There was a pause and then Dean heard Chuck’s laugh. “You’ve got it bad, my friend. I called to see if you wanted to go to the Cubs game tomorrow afternoon. My treat.”

“Oh. Let me check my schedule.” He looked at his calendar. He had two appointments that morning but none in the afternoon. “Sounds good. Where should I meet you?”

“I’ll pick you up in front of your building,” Chuck replied and named a time.

“Okay. Is she all right?” Dean asked.

“She’s fine, Dean. She’s visiting her mother. We can talk more tomorrow.”

“See you then,” Dean said and hung up the phone.

She was in Phoenix? Just like that, she quits her job, walks out on him without a word and goes to see her mother?

It would seem so.

Dean and Chuck arrived at the game early. They’d talked about everything under the sun on the ride to the stadium…everything but Jodie’s sudden departure.

At any other time Dean would have enjoyed Chuck’s company, but knowing that he was withholding information about Jodie made Dean want to throttle him.

At long last Chuck brought up the subject by throwing Dean a curveball. “So what’s going on between you and Jodie anyway?”

“Uh, well, I mean, we’ve known each other quite a while. She was my secretary for several years.”

“I understand that and that’s not what I’m talking about. Most men don’t respond to a former secretary leaving as you have.”

Dean nodded. Chuck wasn’t going to accept any vague remarks. If he wanted to know what was going on with Jodie, he’d have to bare his soul. Since he was a very private man, he found the idea excruciatingly painful…almost as painful as missing Jodie.

“I finally faced the fact that I’m in love with her, that I’ve probably been in love with her for years and was too dumb to recognize it. I’ve done some really stupid things in my life, but letting her slip away from me like this has to be the biggest mistake I’ve ever made.”

The sentence hung in the air and seemed to expand on the breeze. There. He’d said it. Too bad he hadn’t realized that what he felt for her was love until after she was gone.

“That right?” Chuck asked with a smile.

“Yeah.”

“So her leaving like that has been tough on you.”

“You could say that.” What an understatement that was.

“What did she say when you told her?”

“What? That I love her?”

“I believe that’s the topic of this conversation, yes.”

“I never told her,” Dean mumbled.

“Sorry, I didn’t catch that.”

Dean cleared his throat. “I said that I never told her, fool that I am, because I didn’t realize it until very recently.”

“I see.”

“So how is she? Have you talked with her? Do you know when she plans to come back?”

“I haven’t talked with her, but Lynette said she seems to be doing okay. Jodie told her that she might look for a job in Phoenix.”

“What! You’re kidding, right?”

“Nope. That’s what Lynette reported to me.”

The crowd roared its approval about something. Chuck and Dean hadn’t been paying attention when the game started, and the Cubs were up to bat.

“Looks like a single,” Chuck commented.

“Yeah.”

“I don’t know if you want to hear any suggestions from me,” Chuck said briskly, “but here’s one anyway—go to Arizona and tell her how you feel. I’m sure the news would have more impact with her if you’re there in person.”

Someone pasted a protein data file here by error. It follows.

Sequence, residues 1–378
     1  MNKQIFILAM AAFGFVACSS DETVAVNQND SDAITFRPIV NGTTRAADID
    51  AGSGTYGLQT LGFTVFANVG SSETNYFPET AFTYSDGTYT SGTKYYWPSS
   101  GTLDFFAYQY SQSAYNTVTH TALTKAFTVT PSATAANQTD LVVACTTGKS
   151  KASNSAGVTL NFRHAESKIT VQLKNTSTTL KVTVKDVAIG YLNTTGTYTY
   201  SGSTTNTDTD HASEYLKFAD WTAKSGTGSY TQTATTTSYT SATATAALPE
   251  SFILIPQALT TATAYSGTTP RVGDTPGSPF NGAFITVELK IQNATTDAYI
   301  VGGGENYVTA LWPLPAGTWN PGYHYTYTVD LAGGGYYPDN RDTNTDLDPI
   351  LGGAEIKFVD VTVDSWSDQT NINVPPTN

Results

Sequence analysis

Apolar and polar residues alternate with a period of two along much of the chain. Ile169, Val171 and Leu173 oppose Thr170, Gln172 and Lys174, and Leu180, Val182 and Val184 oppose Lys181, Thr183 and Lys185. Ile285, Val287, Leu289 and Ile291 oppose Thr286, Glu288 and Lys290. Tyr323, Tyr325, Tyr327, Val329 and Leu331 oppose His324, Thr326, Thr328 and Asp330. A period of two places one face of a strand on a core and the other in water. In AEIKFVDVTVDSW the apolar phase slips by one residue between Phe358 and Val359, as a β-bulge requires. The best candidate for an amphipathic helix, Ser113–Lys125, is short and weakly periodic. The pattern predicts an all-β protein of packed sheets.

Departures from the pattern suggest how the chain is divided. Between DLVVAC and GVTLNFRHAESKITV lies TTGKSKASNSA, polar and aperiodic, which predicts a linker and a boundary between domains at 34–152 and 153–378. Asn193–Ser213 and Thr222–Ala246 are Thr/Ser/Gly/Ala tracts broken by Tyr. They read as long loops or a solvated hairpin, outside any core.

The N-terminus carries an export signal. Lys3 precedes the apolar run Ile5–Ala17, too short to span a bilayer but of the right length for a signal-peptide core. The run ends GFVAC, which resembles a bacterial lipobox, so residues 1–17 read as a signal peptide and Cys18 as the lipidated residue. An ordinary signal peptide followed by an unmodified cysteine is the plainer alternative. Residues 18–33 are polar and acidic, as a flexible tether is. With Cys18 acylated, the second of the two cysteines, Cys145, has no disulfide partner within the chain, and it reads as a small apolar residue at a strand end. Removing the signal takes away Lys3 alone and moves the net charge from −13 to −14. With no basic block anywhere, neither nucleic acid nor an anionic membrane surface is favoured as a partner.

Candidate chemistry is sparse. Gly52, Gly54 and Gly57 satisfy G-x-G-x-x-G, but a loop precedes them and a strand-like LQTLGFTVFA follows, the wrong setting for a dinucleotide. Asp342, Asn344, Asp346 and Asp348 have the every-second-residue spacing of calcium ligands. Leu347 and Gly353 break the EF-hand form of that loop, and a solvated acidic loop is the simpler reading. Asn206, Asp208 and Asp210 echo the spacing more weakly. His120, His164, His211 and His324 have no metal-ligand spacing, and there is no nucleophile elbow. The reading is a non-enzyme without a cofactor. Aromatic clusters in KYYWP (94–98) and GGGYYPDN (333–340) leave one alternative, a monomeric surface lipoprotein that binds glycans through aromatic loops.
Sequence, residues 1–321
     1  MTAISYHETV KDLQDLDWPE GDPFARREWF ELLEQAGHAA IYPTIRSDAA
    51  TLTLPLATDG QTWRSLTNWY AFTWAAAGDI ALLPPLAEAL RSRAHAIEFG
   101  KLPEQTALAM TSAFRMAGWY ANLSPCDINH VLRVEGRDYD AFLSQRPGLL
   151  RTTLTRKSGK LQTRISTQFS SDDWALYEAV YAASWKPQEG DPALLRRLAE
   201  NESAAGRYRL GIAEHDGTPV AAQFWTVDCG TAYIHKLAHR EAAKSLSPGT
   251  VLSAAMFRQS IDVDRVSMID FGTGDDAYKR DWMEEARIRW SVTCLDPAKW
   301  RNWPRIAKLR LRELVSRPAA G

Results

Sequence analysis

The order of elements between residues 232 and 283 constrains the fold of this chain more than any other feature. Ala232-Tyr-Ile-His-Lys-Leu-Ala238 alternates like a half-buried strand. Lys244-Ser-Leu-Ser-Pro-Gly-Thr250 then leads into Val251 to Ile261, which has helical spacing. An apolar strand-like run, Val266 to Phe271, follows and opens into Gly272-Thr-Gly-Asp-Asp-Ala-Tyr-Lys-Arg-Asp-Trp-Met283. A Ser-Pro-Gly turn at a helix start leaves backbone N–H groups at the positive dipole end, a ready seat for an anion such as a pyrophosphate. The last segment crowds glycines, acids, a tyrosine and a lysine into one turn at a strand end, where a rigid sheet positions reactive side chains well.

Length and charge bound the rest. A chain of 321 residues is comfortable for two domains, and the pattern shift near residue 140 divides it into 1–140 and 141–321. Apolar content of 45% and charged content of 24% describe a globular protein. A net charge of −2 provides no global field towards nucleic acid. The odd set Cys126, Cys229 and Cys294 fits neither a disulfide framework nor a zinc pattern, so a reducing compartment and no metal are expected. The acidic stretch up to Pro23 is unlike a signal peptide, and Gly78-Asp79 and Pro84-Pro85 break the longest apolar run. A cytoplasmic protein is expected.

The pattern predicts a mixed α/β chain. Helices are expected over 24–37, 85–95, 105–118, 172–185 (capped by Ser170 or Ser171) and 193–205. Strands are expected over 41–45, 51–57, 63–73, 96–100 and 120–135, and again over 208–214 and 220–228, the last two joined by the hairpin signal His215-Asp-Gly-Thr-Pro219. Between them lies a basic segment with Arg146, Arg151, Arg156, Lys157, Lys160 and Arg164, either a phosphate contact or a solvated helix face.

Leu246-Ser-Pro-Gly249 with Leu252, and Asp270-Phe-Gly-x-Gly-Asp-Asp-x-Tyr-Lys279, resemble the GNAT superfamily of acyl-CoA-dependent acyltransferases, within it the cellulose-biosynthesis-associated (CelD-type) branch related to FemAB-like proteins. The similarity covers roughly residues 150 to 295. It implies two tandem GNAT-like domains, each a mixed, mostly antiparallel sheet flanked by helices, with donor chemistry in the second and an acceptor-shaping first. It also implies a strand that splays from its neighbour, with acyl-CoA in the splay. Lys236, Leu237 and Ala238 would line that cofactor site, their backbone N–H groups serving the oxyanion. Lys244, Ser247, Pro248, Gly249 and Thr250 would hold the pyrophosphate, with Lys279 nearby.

“I could do that.”

“Good. Now, then. Let’s watch the game, okay?”

Jodie had been at her mother’s for two weeks and was getting restless. She missed work. She’d been tempted to call Frank to see how things were going until she remembered that she no longer had a job.

She’d set up a couple of job interviews for the following week, but in the meantime there was nothing much for her to do. The house was spotless and her mom’s garden had already been weeded within an inch of its life.

This morning she decided to enjoy the early-morning coolness outdoors before the sun got too hot.

She loved her mom’s backyard. It was very private, with a six-foot wall surrounding it. Inside the wall her mom had planted all kinds of colorful flowering plants, which reminded Jodie of the lush foliage in Hawaii.

Jodie put on a two-piece bathing suit and, once outside, stretched out on one of the lounge chairs and removed the top to her swimsuit. A small hand towel covered her breasts, leaving her shoulders bare. Next she picked up the book she had started the night before and began to read.

Sometime later the doorbell startled her awake, and she realized that she’d dozed off. She considered getting up and answering the door, but she was too relaxed to move. Besides, all of her mom’s friends knew that she worked mornings. It was probably some kind of salesman.

She decided to ignore the door and let her eyes close, basking in the quiet and serenity. She’d had trouble sleeping since she’d been there, and from her reflection in the mirror each morning she knew the lack of sleep had taken its toll on her.

“Ah, there you are.”

Jodie’s immediate reaction to the sound of a very familiar voice was to scream involuntarily and jerk upright.

“Sorry. Didn’t mean to startle you,” Dean said. “When no one answered the door, I decided to check back here.” He looked around. “The garden is beautiful by the way.”

When she could speak, she said, “What are you doing here!” Without waiting for an answer, she grabbed a large towel and wrapped it around her.

“Mind if I sit down?” he asked, his voice bland.

She stared at him as though he were an apparition. Finally she nodded.